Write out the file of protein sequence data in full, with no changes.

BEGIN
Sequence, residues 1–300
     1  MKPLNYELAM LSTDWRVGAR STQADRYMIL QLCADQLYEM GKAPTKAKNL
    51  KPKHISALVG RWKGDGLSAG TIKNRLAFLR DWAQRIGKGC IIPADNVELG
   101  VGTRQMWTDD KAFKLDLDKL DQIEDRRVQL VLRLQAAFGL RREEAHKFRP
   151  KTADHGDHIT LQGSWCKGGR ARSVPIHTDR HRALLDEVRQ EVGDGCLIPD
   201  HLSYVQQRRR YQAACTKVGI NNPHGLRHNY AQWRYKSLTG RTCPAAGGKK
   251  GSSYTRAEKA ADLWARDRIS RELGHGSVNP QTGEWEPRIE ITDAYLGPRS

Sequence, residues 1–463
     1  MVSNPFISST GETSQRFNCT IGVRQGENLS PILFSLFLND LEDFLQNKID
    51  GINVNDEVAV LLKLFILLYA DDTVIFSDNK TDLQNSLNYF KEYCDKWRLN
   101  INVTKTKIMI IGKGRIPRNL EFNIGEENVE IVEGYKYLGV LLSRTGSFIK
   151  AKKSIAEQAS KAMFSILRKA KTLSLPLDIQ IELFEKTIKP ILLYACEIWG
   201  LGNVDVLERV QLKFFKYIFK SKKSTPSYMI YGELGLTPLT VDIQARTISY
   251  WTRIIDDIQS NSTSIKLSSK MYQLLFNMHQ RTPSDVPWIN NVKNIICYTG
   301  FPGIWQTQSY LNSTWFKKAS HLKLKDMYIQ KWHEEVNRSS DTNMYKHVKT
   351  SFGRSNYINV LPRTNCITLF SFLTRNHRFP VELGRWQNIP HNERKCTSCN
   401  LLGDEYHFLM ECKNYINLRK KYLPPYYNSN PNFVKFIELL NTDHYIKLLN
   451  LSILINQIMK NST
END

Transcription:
Sequence, residues 1–300
     1  MKPLNYELAM LSTDWRVGAR STQADRYMIL QLCADQLYEM GKAPTKAKNL
    51  KPKHISALVG RWKGDGLSAG TIKNRLAFLR DWAQRIGKGC IIPADNVELG
   101  VGTRQMWTDD KAFKLDLDKL DQIEDRRVQL VLRLQAAFGL RREEAHKFRP
   151  KTADHGDHIT LQGSWCKGGR ARSVPIHTDR HRALLDEVRQ EVGDGCLIPD
   201  HLSYVQQRRR YQAACTKVGI NNPHGLRHNY AQWRYKSLTG RTCPAAGGKK
   251  GSSYTRAEKA ADLWARDRIS RELGHGSVNP QTGEWEPRIE ITDAYLGPRS

Sequence, residues 1–463
     1  MVSNPFISST GETSQRFNCT IGVRQGENLS PILFSLFLND LEDFLQNKID
    51  GINVNDEVAV LLKLFILLYA DDTVIFSDNK TDLQNSLNYF KEYCDKWRLN
   101  INVTKTKIMI IGKGRIPRNL EFNIGEENVE IVEGYKYLGV LLSRTGSFIK
   151  AKKSIAEQAS KAMFSILRKA KTLSLPLDIQ IELFEKTIKP ILLYACEIWG
   201  LGNVDVLERV QLKFFKYIFK SKKSTPSYMI YGELGLTPLT VDIQARTISY
   251  WTRIIDDIQS NSTSIKLSSK MYQLLFNMHQ RTPSDVPWIN NVKNIICYTG
   301  FPGIWQTQSY LNSTWFKKAS HLKLKDMYIQ KWHEEVNRSS DTNMYKHVKT
   351  SFGRSNYINV LPRTNCITLF SFLTRNHRFP VELGRWQNIP HNERKCTSCN
   401  LLGDEYHFLM ECKNYINLRK KYLPPYYNSN PNFVKFIELL NTDHYIKLLN
   451  LSILINQIMK NST